which metrics you want to separate (by default all first-metrics). The

basis argument specifies the type of index used for the new

contraction (by default an abstract index, with formal basis AIndex).

The index argument specifies which indices you want to separate, that

is, the indices already present in the original expression, not the

index added for the new contraction (the default is all indices that

can be separated). The reason why this function has a double pair of

brackets is because I use it frequently with mapping constructs, like

Map[ SeparateMetric[metric], expr , {level}] or

MapAt[ SeparateMetric[metric], expr, position ]. Just that.

Numbered indices, like f1 or f32, are generated when xTensor runs out

of user-defined indices. xTensor takes the last index you declared

with the manifold or vbundle and starts adding numbers sequentially.

If you have a look at IndicesOfVBundle[vbundle] you will see that it

contains two lists: the indices you declared and the indices added by

this mechanism. Note that these are all proper abstract indices,

perfectly usable. They are not dollar-indices (like f$1 or f$32),

which are internal dummies, not to be used directly by users.

ScreenDollarIndices replaces the dollar-dummies with normal indices,

and the latter could be numbered. If you don´t like these, declare

many indices at the beginning.

Cheers,

Jose.

Feb 6, 2011, 4:10:24 PM2/6/11

to xAct Tensor Computer Algebra

Thanks so much to both of you.

For the record I have wrapped the contraction in the denominator when

defining dg1.

Thanks for the comments on efficiency and for the explanation I will

make due note of them.

I have a suggestion to make regarding the documentation: Add what you

just told me about SeparateMetric next to the section on

ContractMetric (it can be very useful for producing Feynman Rules) and

state clearly that Expand is needed to replace contractions.

I can do these additions myself and then send them to you if its most

convenient.

I will keep looking in my notebooks for examples of dodgy

replacements.

Ed

For the record I have wrapped the contraction in the denominator when

defining dg1.

Thanks for the comments on efficiency and for the explanation I will

make due note of them.

I have a suggestion to make regarding the documentation: Add what you

just told me about SeparateMetric next to the section on

ContractMetric (it can be very useful for producing Feynman Rules) and

state clearly that Expand is needed to replace contractions.

I can do these additions myself and then send them to you if its most

convenient.

I will keep looking in my notebooks for examples of dodgy

replacements.

Ed

Feb 28, 2011, 12:04:36 PM2/28/11

to xAct Tensor Computer Algebra

Ok I have another example of something that seems to be a minor bug

but which can be very annoying

defining the usual manifold

onshellk =

MakeRule[{k[a] k[-a], 0}, MetricOn -> All, ContractMetrics -> True];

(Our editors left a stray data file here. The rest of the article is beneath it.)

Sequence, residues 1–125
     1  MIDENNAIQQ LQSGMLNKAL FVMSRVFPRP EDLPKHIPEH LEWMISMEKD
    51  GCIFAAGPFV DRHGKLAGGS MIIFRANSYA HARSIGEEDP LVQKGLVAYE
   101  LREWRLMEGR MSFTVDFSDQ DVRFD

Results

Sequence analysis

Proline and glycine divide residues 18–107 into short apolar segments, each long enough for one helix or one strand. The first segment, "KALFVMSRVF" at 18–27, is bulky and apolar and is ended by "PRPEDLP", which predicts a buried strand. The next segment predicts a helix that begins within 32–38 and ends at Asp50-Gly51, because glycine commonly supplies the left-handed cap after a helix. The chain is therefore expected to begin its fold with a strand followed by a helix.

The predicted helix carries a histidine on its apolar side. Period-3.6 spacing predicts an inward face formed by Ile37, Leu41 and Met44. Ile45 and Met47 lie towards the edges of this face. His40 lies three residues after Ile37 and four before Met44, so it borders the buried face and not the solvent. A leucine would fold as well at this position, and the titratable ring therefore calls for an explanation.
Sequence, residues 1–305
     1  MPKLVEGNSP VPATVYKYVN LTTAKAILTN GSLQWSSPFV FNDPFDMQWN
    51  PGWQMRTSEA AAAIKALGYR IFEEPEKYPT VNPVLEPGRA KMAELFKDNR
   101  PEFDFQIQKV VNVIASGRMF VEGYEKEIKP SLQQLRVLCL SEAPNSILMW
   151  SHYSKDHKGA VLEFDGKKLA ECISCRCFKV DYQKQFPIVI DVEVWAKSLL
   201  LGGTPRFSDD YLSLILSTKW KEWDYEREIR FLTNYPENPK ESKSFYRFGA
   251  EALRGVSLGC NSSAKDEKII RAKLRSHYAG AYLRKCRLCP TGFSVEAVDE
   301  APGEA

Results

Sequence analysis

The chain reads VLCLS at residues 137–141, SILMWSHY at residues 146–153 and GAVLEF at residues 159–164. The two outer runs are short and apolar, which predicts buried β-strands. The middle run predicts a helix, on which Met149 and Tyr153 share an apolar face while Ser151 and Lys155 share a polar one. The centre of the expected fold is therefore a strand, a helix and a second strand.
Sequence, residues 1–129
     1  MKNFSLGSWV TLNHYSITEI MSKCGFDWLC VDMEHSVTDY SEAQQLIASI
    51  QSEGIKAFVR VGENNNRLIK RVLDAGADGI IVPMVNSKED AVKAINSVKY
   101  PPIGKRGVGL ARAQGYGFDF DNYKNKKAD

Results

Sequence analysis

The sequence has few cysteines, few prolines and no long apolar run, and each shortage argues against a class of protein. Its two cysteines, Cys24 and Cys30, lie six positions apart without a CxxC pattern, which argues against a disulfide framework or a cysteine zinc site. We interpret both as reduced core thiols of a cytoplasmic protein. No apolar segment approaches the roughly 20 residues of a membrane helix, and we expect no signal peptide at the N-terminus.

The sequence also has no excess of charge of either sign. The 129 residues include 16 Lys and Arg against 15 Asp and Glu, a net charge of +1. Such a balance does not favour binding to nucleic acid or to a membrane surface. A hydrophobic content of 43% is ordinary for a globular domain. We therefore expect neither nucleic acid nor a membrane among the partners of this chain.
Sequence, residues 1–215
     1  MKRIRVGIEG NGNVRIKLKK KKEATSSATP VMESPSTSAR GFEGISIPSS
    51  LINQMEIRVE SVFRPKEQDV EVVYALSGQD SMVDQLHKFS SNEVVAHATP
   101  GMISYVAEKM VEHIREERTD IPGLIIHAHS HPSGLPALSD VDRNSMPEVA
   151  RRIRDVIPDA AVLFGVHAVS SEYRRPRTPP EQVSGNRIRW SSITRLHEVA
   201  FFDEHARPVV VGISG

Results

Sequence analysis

this

k[a] k[-a] // ToCanonical //. onshellk

just returns k[-a] k[a]

whereas this returns 0 as expected

ToCanonical[k[a] k[-a]] //. onshellk

but which can be very annoying

defining the usual manifold

onshellk =

MakeRule[{k[a] k[-a], 0}, MetricOn -> All, ContractMetrics -> True];

this

k[a] k[-a] // ToCanonical //. onshellk

just returns k[-a] k[a]

whereas this returns 0 as expected

ToCanonical[k[a] k[-a]] //. onshellk

Feb 28, 2011, 1:43:46 PM2/28/11

to Edu Serna, xAct Tensor Computer Algebra

Edu,

This is not an xAct problem. Rather, this has to do with the precedence of different infix operators in Mathematica.

The //. operator (aka ReplaceRepeated) binds more tightly than the // operator (aka Postfix function notation). That means something like

k[a] k[-a] // ToCanonical //. onshellk

is parsed as

k[a] k[-a] // (ToCanonical //. onshellk)

which is not what you intended. Rather, you must tell Mathematica to apply // first, either

(k[a] k[-a] // ToCanonical) //. onshellk

or

ToCanonical[ k[a] k[-a] ] //. onshellk

Hope this helps!

Leo

Feb 28, 2011, 1:52:51 PM2/28/11

to Leo Stein, xAct Tensor Computer Algebra

Thanks so much,

k[a] k[-a] // (ToCanonical //. onshellk) so what does this mean? a replacement being done on ToCAnonical with no argument?

ed

Feb 28, 2011, 1:59:23 PM2/28/11

to Eduardo Serna, xAct Tensor Computer Algebra

That's right. ToCanonical is just a symbol (with some patterns that match for it). You can do ReplaceAll or ReplaceRepeated on anything you want, including "function names" (which are really just symbols). The return value of ( ToCanonical //. onshellk ) will just be ToCanonical, since the replacement has nothing to replace. Then ToCanonical will be applied to the expression to the left.

Leo

Mar 1, 2011, 5:05:03 AM3/1/11

to Leo Stein, xAct Tensor Computer Algebra

Ok thanks so much this is reassuring

Reply all

Reply to author

Forward

0 new messages

Search

Clear search

Close search

Google apps

Main menu